HSU student Maury Juarez experiencing the exhibit. This banner was used at several protests and demonstrations. | Photo by Jett Williams

New art show celebrates ITEPP and historic protests

"Ikyav, Pikyav" highlights efforts by native groups to reclaim power and sovereignty

“Ikyav, Pikyav” highlights efforts by native groups to reclaim power and sovereignty

In the 70s and 80s, local Native American tribes fought to protect their sacred religious sites from western expansion in the form of a road between the towns of Gasquet and Orleans. This fight is immortalized alongside 50 years of the Indian Tribal & Educational Personnel Program’s history in a new exhibit open until May 18th in the Goudi’ni Native American Arts Gallery, located on the ground floor of the BSS.

The exhibit, named “Ikyav, Pikyav” (or Making, Re-Making), pays homage and celebrates some of the ways that indigenous peoples have reclaimed their sovereignty and power in the modern world.

Brittany Sheldon is the gallery director, she said the exhibit is important because it highlights the constant work that Native groups have done and are doing and also teaches people who were previously unaware of these efforts.

“A lot of the students here come from all over California, and I would guess that they don’t know much about this history,” Sheldon said. “We have a really powerful presence with the Native American Studies (NAS) department and ITEPP, and there’s a really important history of all the things that have gone on with Native American peoples.”

Sashes worn by ITEPP alumni show off the art styles of different native tribes.

The first half of the exhibit celebrates ITEPP’s 50th anniversary as an organization. The group started as a grassroots organization focused on helping Native students who wished to become teachers, but slowly expanded to include students from a wide variety of interests.

Interactive photo murals are on display with a binder where former students and members can share memories about the photos. Several sashes decorated with traditional artwork and worn by graduating ITEPP members hang on stands, separating the two halves of the exhibit.

Alumni Kathleen Brewer thought that the show was important given that HSU is built on native Wiyot land.

“My favorite part was the ribbons, they were so intricate and beautiful,” Brewer said. “It’s great to see ITEPP get recognized.”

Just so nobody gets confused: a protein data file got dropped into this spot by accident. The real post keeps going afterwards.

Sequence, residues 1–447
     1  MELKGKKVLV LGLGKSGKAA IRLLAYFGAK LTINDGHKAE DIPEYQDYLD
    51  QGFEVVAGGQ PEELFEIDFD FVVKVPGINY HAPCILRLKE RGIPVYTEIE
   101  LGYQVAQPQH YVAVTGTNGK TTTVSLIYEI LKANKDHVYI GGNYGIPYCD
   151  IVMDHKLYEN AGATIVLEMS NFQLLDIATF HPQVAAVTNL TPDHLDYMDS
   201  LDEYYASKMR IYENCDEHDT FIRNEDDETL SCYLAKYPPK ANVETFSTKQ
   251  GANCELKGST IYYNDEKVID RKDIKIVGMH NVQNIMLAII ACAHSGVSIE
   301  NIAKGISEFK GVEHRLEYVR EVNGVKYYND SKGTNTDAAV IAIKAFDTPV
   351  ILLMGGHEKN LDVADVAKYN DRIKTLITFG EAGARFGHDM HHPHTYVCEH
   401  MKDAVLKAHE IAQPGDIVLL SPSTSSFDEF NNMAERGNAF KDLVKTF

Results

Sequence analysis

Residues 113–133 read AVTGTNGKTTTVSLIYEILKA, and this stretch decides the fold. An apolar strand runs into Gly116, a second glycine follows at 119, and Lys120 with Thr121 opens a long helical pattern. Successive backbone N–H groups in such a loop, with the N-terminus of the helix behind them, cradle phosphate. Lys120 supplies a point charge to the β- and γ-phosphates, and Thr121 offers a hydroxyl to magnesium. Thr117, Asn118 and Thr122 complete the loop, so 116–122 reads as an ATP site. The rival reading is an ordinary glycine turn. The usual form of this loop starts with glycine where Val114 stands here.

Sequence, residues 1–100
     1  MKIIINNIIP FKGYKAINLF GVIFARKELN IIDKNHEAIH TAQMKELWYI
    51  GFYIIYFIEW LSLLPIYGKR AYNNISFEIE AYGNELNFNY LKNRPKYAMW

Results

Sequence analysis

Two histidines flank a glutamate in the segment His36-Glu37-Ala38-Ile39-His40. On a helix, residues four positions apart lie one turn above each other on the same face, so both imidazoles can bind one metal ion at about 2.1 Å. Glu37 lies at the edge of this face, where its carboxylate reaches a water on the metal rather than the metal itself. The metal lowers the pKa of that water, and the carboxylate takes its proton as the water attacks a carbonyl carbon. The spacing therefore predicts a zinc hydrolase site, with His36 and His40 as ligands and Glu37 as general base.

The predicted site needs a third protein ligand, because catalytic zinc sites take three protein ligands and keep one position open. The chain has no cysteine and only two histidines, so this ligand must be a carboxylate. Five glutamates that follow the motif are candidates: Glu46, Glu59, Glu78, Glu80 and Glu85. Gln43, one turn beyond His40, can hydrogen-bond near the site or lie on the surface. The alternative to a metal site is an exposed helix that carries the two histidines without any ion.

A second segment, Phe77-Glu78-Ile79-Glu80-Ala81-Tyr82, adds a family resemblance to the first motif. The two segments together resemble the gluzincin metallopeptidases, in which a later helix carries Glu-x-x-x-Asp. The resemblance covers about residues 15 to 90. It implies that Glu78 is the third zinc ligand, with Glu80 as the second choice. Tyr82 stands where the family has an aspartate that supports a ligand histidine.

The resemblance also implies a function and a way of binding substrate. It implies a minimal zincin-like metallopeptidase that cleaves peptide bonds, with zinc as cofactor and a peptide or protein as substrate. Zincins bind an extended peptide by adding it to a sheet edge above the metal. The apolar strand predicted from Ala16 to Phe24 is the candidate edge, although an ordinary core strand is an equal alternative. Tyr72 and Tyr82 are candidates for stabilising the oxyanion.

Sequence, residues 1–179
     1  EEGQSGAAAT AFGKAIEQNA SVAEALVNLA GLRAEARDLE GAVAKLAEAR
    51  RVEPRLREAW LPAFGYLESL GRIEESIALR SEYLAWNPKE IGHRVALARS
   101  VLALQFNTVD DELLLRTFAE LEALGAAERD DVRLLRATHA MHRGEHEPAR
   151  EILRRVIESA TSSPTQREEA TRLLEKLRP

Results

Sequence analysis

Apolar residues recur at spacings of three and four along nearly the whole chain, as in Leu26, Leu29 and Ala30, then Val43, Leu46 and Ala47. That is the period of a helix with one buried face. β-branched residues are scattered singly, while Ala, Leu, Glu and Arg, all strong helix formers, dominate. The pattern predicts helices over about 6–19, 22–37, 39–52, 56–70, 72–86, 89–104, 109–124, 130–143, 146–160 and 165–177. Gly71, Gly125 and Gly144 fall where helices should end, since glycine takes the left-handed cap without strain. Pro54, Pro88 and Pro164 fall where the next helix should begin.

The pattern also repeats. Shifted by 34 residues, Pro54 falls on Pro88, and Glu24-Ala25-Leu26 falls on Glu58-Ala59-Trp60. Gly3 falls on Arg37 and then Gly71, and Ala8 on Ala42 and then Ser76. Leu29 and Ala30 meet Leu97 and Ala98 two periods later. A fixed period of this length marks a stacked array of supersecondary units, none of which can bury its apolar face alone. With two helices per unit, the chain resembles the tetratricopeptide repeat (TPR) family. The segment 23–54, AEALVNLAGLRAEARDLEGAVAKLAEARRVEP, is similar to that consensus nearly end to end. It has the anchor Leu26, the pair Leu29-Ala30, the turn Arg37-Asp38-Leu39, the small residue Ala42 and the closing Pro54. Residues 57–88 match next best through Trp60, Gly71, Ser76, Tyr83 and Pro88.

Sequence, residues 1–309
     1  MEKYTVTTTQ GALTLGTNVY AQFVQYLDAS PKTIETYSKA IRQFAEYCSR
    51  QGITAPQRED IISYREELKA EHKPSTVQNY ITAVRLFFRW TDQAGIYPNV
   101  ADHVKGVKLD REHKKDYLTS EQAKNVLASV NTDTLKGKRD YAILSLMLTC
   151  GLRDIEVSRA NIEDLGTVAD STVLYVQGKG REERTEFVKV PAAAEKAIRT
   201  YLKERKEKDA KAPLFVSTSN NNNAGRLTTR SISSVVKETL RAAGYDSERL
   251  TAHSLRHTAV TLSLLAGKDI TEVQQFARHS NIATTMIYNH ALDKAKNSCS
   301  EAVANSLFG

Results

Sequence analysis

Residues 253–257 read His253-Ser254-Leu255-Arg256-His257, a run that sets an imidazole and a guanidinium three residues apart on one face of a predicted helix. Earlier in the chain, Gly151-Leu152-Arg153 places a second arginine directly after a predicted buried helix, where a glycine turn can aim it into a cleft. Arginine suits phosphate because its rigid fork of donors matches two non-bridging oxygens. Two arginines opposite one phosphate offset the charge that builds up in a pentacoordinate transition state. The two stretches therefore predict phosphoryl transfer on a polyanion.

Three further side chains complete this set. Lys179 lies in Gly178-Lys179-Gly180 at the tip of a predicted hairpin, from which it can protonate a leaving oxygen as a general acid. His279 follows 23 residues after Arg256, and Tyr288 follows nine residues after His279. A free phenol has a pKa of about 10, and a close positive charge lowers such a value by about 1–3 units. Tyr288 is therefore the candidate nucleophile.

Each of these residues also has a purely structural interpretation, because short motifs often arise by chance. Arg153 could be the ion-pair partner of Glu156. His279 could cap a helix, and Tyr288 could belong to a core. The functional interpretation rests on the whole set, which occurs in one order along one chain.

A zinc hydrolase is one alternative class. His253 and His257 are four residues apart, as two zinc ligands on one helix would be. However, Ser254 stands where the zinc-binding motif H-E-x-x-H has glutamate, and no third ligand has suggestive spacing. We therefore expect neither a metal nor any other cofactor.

The second half of the show was a collaborative effort with the special collection at the HSU library and several NAS classes over the last year to make the G-O Road story more publicly available.

Audio interviews, old newspapers, pamphlets and journals from local activists and artists tell the story of the Karuk, Yurok and Tolowa tribes working together to protect their sacred lands.

One standout visual piece from this part of the exhibit is a large banner created in the 1990s by local artist and activist Julien Lang. The banner says “Fixing the Earth” in bright red letters with the names of many native tribes collaged around the words. The banner was also used by local native groups in multiple protests and demonstrations.

A message from the Institute of Native Knowledge captures the feelings of the native community at the time.

In the end, the road was blocked by the 1984 California Wilderness Act. An earlier Supreme Court decision, however, set the precedent that native lands could not be considered religious grounds, making the victory bittersweet.

Maury Juarez spent an hour perusing the exhibit, and described the amount of detailed information available as overwhelming.

“I’m taking my first NAS class this semester, and I didn’t know much about the local indigenous struggles before that,” Juarez said. “My favorite part was Julien Lang’s talks on the land being alive.”

This exhibit is equal parts art show and educational experience centered around the efforts by native groups to reclaim their power and uplift those who seek an education at HSU.

“It’s not like we’re going to reach this point where everything is perfect and amazing. It’s not the idea of a utopia,” Sheldon said. “It’s the idea of the constant regular work involved in claiming and reclaiming spaces and sovereignty.”

“Ikyav, Pikyav” is open 12-5 p.m. Tuesday to Sunday and 12-7 p.m. Thursday and Friday.

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